Mai-Mai commonly spelled Maay Maay (also known as Af-Maay, Af-Maymay, or simply Maay. The Mai-Mai spelling is rarely used but it is most often spoken.) Mai-Mai is part of the Somali language of the Cushitic branch of the Afro-Asiatic family. It is mainly spoken in Somalia and adjacent parts of Ethiopia and Kenya. In Somalia, it is widely spoken in South West state, Jubaland state and Banadir. Scholars debate whether Af-Maay is a Somali language on its own, or is one of the two main dialects that form the Somali language.
Maay is principally spoken by the Digil and Mirifle (Rahanweyn) clans in the southern regions of Somalia, particularly in South West. Its speech area extends from the southwestern border with Ethiopia to a region close to the coastal strip between Mogadishu and Kismayo, including the city of Baidoa. Maay is not mutually comprehensible with Northern Somali or Benadir, and it differs considerably in sentence structure and phonology. It is also not generally used in education or media. However, Maay speakers often use Standard Somali as a lingua franca. It is learned via mass communications, internal migration, and urbanisation.
Although past scholars have maintained the assumption that Maay is not mutually comprehensible with Northern Somali it was done so without it being tested for. A more recent study by Deqa Hassan tested the mutual intelligiblility between Af-Maay and Af-Maxaa speakers (Northern Somali).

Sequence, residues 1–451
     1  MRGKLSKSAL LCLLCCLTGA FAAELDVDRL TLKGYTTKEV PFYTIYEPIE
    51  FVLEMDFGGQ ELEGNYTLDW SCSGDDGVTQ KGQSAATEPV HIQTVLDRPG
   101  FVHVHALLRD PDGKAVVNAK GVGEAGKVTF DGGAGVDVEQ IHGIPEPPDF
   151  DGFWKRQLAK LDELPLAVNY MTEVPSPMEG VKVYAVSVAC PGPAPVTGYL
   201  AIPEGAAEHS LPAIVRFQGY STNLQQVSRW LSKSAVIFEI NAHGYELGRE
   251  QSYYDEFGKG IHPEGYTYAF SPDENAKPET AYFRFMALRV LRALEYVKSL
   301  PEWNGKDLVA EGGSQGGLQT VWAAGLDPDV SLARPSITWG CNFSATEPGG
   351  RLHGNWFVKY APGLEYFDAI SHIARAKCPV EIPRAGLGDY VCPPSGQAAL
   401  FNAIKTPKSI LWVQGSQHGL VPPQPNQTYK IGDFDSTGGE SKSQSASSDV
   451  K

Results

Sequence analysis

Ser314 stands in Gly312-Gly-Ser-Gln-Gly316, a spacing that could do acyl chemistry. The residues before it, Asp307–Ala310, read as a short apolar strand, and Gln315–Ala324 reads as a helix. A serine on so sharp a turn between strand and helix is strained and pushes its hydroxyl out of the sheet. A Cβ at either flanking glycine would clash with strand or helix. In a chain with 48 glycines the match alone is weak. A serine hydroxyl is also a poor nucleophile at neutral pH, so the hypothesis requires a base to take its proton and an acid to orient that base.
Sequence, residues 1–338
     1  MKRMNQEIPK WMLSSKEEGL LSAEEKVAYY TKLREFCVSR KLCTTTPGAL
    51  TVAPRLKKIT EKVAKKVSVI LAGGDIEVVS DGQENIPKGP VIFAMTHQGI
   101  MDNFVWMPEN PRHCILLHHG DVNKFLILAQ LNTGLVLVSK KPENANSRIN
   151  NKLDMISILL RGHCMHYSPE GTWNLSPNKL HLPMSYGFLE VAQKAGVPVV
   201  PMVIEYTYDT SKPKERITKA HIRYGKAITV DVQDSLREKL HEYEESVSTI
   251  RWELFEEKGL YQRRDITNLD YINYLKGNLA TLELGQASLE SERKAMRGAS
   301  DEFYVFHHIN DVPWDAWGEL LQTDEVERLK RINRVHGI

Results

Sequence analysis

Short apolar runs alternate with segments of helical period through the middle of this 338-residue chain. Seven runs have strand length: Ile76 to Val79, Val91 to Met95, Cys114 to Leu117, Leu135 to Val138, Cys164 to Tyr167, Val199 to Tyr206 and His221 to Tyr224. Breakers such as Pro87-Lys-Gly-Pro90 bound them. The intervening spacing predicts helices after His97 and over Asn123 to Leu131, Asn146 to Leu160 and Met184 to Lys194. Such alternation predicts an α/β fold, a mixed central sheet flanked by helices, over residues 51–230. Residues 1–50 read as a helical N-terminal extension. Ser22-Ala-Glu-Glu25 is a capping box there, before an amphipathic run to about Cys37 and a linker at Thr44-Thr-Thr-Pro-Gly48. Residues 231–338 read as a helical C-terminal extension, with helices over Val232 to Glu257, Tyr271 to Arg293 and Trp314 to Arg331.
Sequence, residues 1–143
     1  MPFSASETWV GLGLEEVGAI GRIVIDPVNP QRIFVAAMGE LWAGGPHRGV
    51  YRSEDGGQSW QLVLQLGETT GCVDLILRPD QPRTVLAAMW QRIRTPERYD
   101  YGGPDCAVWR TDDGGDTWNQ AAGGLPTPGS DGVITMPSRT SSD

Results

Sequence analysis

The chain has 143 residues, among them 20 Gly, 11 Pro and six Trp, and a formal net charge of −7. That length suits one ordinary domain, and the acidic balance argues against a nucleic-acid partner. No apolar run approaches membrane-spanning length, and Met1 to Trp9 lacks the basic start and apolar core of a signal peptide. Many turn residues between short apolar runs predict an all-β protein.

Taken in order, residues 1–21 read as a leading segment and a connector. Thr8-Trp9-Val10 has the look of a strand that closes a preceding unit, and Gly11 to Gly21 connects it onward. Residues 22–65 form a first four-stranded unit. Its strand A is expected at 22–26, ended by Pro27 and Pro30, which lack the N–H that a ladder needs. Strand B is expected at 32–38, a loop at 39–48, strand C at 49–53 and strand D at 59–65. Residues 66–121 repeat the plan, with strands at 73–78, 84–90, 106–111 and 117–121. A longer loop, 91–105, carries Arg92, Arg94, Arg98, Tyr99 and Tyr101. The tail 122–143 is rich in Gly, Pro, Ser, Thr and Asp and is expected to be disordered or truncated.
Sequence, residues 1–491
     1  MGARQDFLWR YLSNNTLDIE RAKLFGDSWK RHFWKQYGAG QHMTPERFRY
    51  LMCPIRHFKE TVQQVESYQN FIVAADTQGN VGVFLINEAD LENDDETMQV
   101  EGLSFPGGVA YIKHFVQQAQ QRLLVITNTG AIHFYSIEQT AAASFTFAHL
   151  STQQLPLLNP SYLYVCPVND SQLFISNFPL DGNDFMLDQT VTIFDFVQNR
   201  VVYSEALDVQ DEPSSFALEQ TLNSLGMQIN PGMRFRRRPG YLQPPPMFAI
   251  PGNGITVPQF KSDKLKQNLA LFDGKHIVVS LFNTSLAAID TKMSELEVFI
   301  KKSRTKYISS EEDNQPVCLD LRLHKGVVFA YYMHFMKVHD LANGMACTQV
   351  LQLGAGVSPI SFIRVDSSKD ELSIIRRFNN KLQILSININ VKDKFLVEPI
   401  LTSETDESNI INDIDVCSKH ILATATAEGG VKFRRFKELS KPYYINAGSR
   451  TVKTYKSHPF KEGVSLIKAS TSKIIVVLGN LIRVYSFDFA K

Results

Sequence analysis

The study found that Af-Maay is partially mutually intelligible to Af-Maxaa (Northern Speakers) and that intelligbility increases with increased understanding of Standard Somali. Which implies understanding of standard Somali (Northern Somali) increases the chance of understanding Af-Maay. This accounts for the most significant linguistic factor that ties both language variations together. Therefore Af-Maay is categorized as a Type 5 dialect for the overlapping common cultural history it shares with Af Maxaa speakers which explains it's somewhat mutual intelligiblility. 
Maay Maay exhibits significant amounts of epenthesis, inserting central or high-central vowels to break up consonant clusters. Vowel length is contrastive; minimal pairs such as bur 'flour' and buur 'mountain' are attested.
Maay Maay is fairly agglutinative. It has complex verb forms, inflecting at least for tense/aspect and person/number of both subject and object. There is also a prefix indicating negation. In addition, verbs exhibit derivational morphology, including a causative and an applicative. Nominal morphology includes a definiteness suffix, whose form depends on the gender of the head noun, and possessive suffixes.
Maay Maay exhibits SVO and SOV word orders, apparently in fairly free variation. When the object is postverbal, the prefix maay appears on the verb. Within the noun phrase, the head noun is generally initial. Possessors, adjectives and some strong quantifiers follow the head noun. Numerals and the indefinite quantifier precede the head noun.